Nonetheless, we would do well to check on the canaries once in a while. If a Democracy were a coal mine, then critics of its leader are the canaries. If and when Trump’s critics in the media (Keith Olberman, Alec Baldwin, George Takei, SNL, the New York Times, Esquire, CNN, Mother Jones, The Daily Beast, etc.) fall silent, it is time to come up out of the mine with our fists up, ready to fight. The First Amendment cannot protect itself. As I approach forty years as an American citizen, I finally understand why the Second Amendment directly follows the First. It is no mere coincidence. The Second Amendment is there to protect the First. It will upset many lefties to read this, but the Second Amendment is vital to the survival of our rights, and our nation itself. Without it, all the other rights are just ink on yellowed parchment paper. Though the left has recently dedicated a lot of energy toward passage of reasonable gun control measures, it is time to table that movement and focus our efforts on preserving the Amendment which resides at the top of the Bill of Rights. A few months ago, I bought a subscription to ‘Mother Jones’ magazine, even though I can read most of its content for free. I did this because we can’t expect to get high quality, honest journalism for free. If a paper can’t pay for skilled and diligent writers and staff, its quality invariably suffers. I ask all Americans who are critical thinkers to take a similar action – find a respected news source and buy a subscription. Support the survival of the First Amendment and fight the propaganda which preys on bias and masquerades as news.
Additionally, we must steel our resolve. It is a cultural paradox that idiots will fight over any ridiculous and inconsequential thing, while most critically thinking scholars lack the courage to fight, even when fighting is unequivocally warranted. Our impending fight may, to a large degree, be fought in the press and on social media. This underscores the critical role of the press and free speech, as well as Trump’s aim to subdue and control it. But understand that if you value and romanticize Democratic ideals like those enumerated in the First Amendment, forces have already aligned against you. It is likely that these forces won’t limit their war to Twitter and Facebook. Trump continues to follow the playbook of other narcissistic totalitarian leaders, as one of his first moves as President was to find an enemy and start a war. I pray his recent moves as Commander in Chief are merely posturing, but even so, it is a clear effort to increase ‘compulsory patriotism,’ a practice explored by a high school friend of mine. I encourage you to read his article – I can only hope it challenges you like it did me. Trump’s first war will be a war for his own ego. It will serve the purpose of quieting those who criticize him. “Are you with us, or against us?” the people will shout at his critics.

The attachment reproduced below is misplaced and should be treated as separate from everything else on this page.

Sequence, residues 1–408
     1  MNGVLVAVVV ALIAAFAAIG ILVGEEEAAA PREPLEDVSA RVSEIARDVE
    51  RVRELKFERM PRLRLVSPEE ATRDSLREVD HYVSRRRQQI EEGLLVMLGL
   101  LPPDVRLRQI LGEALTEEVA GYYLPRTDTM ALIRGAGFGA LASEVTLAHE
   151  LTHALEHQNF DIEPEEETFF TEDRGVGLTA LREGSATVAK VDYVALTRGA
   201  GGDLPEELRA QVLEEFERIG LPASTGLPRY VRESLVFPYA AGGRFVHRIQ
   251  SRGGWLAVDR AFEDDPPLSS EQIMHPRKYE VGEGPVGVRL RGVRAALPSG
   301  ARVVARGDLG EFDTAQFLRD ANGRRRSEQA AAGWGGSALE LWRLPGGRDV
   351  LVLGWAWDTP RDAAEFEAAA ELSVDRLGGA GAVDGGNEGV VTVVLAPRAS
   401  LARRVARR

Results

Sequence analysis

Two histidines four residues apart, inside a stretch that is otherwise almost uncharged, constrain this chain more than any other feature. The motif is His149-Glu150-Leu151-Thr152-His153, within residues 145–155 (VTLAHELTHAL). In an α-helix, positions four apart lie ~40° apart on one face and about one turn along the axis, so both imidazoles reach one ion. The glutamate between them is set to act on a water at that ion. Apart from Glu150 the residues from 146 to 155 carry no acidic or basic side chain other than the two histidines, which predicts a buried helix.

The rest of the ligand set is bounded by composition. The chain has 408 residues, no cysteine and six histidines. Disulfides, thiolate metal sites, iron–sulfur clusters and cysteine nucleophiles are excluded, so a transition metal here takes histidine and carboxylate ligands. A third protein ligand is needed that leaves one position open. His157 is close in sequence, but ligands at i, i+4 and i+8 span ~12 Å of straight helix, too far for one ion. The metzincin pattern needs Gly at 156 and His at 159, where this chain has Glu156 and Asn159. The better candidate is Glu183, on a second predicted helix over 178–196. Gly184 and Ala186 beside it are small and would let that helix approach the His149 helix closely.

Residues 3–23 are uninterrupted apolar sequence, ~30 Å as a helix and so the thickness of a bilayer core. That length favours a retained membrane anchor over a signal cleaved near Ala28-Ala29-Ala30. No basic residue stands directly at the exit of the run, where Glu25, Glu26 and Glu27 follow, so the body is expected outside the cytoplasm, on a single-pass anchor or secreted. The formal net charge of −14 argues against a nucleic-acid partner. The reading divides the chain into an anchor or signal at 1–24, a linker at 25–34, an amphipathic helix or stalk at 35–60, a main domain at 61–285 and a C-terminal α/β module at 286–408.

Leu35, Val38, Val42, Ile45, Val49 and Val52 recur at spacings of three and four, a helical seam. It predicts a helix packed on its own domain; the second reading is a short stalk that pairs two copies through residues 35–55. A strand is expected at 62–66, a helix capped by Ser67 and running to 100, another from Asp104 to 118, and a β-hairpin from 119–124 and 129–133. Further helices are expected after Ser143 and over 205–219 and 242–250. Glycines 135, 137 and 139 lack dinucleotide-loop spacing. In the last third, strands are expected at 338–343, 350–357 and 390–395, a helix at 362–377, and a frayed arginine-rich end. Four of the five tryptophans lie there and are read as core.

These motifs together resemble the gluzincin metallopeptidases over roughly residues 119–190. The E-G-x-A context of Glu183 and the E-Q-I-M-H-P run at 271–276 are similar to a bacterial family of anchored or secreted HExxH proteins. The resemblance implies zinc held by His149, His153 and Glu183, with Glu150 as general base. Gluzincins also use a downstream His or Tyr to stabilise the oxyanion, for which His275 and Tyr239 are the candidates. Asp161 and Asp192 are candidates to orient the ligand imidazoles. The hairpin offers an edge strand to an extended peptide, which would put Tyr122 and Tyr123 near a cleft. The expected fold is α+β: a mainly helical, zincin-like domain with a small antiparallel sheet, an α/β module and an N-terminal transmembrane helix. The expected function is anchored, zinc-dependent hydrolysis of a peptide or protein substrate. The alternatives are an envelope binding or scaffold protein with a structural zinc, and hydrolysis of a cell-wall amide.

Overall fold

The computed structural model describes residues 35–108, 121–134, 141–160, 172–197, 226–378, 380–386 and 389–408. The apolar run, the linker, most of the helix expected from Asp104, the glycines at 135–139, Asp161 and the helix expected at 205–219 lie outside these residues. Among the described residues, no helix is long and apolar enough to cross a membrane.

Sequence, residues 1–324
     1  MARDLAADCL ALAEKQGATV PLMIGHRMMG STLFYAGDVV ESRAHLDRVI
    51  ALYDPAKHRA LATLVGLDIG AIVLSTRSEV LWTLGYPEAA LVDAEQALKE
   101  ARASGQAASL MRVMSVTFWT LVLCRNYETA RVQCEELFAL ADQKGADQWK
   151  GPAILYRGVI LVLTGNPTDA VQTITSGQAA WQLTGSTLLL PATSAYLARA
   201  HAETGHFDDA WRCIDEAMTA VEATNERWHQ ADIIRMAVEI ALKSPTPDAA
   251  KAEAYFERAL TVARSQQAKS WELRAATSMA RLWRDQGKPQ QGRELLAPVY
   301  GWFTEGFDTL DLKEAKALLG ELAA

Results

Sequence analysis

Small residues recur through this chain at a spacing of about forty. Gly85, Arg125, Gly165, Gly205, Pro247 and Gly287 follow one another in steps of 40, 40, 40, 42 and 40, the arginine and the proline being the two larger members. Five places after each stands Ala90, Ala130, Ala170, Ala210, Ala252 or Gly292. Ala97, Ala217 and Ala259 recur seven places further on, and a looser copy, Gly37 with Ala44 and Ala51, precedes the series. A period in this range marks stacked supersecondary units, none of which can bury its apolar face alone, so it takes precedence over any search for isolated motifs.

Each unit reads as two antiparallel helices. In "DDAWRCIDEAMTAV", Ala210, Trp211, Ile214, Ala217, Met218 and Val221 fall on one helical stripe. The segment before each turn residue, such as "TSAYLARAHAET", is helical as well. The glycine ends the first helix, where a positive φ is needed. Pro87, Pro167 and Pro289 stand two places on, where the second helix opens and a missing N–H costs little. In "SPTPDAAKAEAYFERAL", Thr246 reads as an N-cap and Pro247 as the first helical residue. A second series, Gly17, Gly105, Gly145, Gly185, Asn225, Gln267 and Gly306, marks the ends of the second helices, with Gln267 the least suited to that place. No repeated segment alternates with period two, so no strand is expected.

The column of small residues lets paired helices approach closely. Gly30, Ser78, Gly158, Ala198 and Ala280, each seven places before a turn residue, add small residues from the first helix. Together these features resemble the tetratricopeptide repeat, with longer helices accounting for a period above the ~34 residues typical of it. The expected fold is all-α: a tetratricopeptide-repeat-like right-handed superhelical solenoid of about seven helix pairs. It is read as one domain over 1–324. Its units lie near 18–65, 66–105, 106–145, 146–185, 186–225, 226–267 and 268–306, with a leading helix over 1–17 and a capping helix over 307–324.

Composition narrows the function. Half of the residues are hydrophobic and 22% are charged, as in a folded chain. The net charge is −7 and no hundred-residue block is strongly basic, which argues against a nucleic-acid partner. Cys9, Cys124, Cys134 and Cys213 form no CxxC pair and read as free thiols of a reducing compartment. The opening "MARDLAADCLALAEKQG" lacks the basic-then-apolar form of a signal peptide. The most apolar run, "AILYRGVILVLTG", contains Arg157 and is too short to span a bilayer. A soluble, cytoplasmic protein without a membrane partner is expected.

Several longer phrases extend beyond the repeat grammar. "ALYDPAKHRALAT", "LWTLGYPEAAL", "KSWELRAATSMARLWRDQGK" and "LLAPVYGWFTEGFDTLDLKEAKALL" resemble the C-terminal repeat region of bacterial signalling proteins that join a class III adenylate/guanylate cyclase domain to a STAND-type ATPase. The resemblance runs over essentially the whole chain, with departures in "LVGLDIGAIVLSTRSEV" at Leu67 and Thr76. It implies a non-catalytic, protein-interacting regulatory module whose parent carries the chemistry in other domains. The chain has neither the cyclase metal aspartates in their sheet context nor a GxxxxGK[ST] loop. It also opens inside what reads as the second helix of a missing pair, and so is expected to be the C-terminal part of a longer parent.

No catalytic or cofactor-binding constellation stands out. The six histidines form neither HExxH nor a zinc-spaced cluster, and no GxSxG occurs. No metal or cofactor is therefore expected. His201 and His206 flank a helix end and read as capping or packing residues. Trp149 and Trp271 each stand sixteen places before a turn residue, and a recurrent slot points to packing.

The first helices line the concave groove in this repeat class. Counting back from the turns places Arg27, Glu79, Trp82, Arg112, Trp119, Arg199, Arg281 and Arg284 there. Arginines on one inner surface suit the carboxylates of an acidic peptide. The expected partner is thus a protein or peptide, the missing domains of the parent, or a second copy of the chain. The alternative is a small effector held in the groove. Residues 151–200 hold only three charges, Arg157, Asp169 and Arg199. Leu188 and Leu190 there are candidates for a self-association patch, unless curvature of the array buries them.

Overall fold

For years, my dad has tried to give me his near antique .38 Smith and Wesson revolver. I’ve resisted. My wife and I know the statistics on guns in the home and accidental child deaths. We both cried while watching the coverage of Sandy Hook. I went to Virginia Tech. Guns may well be evil, but they are a necessary one. I finally decided to accept that .38. It is kept securely and safely away from my kids. I’m sure it won’t do much if and when the Blackshirts come for me, but it is a symbol of my will to fight if I have to. If the canaries go silent, we will have two options: pipe down and get in line, or ball up a fist and continue to speak our minds. Which will you choose?
Keith Pochick, M.D.